It's festival time in Edinburgh when the capital bursts to capacity with several top-notch events featuring books, films, and military bands—and, of course, the world's largest arts fest called Fringe. Nature-seekers, for their part, can find plenty of space elsewhere, from the coasts and islands to the rugged Highlands. Wherever you travel, you'll want to plan your trip far in advance during the peak season.


It's the last full month of summer and a prime time to explore Scotland's natural attractions with long daylight hours, upwards of 13 to 15 hours per day. This is one of the warmest months of the year (along with July), and you should expect some rain, though just how much depends on where you travel. Western Scotland will likely see more drizzle and wind from the North Atlantic, while the eastern half boasts more sunshine with an occasional bout of haar (sea fret), cold fog from the North Sea that can interrupt a lovely beach day or a round of golf.

Temperatures are pretty consistent throughout Scotland at sea level and get cooler at higher elevations. Edinburgh typically reaches daily highs of 64°F (18°C) and lows of 52°F (11°C) in August, while the UK's highest peak, Ben Nevis, located at 4,413 feet (1,345 m), sees average highs in the 47°F (8°C) range and lows of 39°F (4°C).

With the fickle weather, pack layers that can help you transition from warm sunshine to sudden overcast, rainy skies. You'll also want to bring a waterproof jacket, an umbrella, and sturdy walking/hiking shoes that can handle moisture. Another summer uncertainty: Beware of midges, small gnat-like insects in the countryside that can bite during the summer months. There are methods to avoid midges since they thrive in humidity and still air and usually swarm in the early mornings and evenings.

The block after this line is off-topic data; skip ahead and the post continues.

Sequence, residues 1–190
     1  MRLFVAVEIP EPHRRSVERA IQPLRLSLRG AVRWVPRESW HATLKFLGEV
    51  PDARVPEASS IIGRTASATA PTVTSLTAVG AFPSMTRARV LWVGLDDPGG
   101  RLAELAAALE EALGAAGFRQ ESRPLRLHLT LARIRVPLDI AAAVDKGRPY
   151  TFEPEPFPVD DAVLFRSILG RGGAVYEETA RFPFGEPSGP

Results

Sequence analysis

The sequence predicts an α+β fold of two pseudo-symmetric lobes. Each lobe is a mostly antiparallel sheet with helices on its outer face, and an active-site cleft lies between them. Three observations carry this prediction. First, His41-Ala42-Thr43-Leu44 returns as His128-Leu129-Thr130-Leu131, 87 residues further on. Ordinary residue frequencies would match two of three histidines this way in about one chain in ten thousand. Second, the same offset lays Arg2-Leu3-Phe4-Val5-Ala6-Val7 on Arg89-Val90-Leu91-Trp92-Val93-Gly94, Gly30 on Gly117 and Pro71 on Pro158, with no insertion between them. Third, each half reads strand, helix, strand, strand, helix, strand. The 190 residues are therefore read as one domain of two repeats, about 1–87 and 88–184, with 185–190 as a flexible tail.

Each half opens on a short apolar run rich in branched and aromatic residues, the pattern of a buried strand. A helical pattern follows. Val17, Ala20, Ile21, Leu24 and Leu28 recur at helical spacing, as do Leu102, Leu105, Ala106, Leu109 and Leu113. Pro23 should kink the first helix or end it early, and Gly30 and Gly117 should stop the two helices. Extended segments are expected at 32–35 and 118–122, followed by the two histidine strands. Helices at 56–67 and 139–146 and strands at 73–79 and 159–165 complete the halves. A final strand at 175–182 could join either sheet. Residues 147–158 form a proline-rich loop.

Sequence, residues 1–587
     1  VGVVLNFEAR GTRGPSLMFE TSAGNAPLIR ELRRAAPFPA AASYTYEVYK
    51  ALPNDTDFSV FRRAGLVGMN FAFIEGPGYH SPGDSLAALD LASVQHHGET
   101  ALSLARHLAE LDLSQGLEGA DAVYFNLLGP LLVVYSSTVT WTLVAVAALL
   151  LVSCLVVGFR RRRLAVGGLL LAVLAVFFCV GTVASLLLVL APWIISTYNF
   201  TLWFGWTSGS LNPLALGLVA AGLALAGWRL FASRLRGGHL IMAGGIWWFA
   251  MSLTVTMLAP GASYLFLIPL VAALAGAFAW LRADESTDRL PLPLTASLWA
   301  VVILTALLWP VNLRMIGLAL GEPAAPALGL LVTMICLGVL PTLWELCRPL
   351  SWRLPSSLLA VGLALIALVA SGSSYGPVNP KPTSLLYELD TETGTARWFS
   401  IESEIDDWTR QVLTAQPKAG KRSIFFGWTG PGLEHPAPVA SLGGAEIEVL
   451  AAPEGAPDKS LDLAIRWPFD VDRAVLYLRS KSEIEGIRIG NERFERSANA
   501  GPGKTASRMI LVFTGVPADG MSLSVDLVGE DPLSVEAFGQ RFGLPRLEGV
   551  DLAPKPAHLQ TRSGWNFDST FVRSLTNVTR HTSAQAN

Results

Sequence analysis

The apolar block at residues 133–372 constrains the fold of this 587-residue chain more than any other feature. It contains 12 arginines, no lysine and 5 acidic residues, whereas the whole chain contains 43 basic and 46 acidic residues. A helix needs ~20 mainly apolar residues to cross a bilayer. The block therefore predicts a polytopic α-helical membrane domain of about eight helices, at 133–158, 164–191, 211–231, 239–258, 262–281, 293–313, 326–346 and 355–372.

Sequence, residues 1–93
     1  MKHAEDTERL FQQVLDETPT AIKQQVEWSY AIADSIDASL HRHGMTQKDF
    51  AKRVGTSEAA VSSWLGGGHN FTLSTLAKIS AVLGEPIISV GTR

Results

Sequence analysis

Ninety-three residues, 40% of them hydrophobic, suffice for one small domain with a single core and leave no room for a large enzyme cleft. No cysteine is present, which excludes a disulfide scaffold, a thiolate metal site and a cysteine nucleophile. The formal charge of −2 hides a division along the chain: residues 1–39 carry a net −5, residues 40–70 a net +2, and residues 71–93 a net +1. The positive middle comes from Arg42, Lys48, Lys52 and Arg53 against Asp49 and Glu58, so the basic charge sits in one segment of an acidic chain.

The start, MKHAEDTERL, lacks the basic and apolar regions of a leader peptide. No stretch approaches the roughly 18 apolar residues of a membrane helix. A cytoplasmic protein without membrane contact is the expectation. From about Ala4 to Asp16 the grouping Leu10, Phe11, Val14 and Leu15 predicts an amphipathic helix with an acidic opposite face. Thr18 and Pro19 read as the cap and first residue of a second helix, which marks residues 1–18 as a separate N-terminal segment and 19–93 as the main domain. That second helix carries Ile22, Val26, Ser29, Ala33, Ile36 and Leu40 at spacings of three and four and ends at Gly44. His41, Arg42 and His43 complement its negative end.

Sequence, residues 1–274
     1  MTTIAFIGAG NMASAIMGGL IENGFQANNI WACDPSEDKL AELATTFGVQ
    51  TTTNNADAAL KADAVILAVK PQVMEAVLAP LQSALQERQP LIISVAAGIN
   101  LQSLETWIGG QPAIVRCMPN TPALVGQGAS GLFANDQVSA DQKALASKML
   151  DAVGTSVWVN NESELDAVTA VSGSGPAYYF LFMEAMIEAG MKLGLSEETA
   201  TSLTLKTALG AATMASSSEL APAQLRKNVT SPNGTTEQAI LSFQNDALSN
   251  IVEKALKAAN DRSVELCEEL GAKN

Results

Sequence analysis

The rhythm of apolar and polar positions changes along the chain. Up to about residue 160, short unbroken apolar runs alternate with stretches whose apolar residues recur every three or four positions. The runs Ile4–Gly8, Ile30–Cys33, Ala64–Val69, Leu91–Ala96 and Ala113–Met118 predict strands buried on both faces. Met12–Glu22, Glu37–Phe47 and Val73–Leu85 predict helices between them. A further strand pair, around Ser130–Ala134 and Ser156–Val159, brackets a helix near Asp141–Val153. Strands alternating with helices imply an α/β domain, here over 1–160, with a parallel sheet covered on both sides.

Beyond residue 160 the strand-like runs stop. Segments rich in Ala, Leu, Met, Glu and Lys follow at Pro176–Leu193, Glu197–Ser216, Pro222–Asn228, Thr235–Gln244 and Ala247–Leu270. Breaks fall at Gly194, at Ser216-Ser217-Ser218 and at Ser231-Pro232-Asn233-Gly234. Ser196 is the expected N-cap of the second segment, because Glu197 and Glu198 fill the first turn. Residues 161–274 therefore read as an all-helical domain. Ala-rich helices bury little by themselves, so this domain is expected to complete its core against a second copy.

Crowds & Costs

August is the peak tourist season in Scotland with the highest prices for flights, accommodations, car rentals, and activities—so book early to secure availability and the best rate. Many European families choose to travel this month before school returns to session, so you'll find plenty of company at the popular lochs (lakes), islands, and hiking trails. This is also a popular time to attend summer events like the Highland games and all the festivals in Edinburgh. Locals also like to get on the road during the first weekend of the month during the bank holiday.

Where to Go

Thanks to a packed schedule of impressive events, most visitors have their sights set on Edinburgh this month. First-timers will want to explore the capital's famous attractions on either side of the Royal Mile with uphill climbs to Edinburgh Castle and Arthur's Seat in Holyrood Park for epic views. Day trips are easy from Edinburgh, whether you want to visit Stirling Castle, take a coastal trail between villages in Fife, or head to St Andrews. You can see the university, play golf (the sport originated here in the 15th century), or walk along the two-mile West Sands Beach.

With more time, you can take a road trip up the eastern coastline to explore a string of beautiful villages, towns, and ports that offer coastal walks and wonderful seafood, like the town of Arbroath, which is known for a smoked haddock called the Arbroath Smokie. Continue north to get to the third-largest city in Scotland, called Aberdeen, with access to the entire Aberdeenshire region. Between seafood meals, visit castles and whisky distilleries, and enjoy hiking trails in Cairngorms National Park.

If you have more time, continue along a scenic route called the North Coast 500 or hop on a ferry to get to the lesser-visited archipelagos of Orkney and Shetland.

Alternatively, Scotland's west coast offers ferry trips to the peaceful Hebrides. Or, take the historic train that travels from Fort William, the adventure capital of the UK, to the northern Isle of Skye, which stands out for its spectacular scenery with sea cliffs, waterfalls, and the Quiraing mountain pass—one of the most scenic viewpoints in the country. A good base while on the island is the photo-worthy harbor town of Portree, where you can end each day's adventures with lively pubs and restaurants.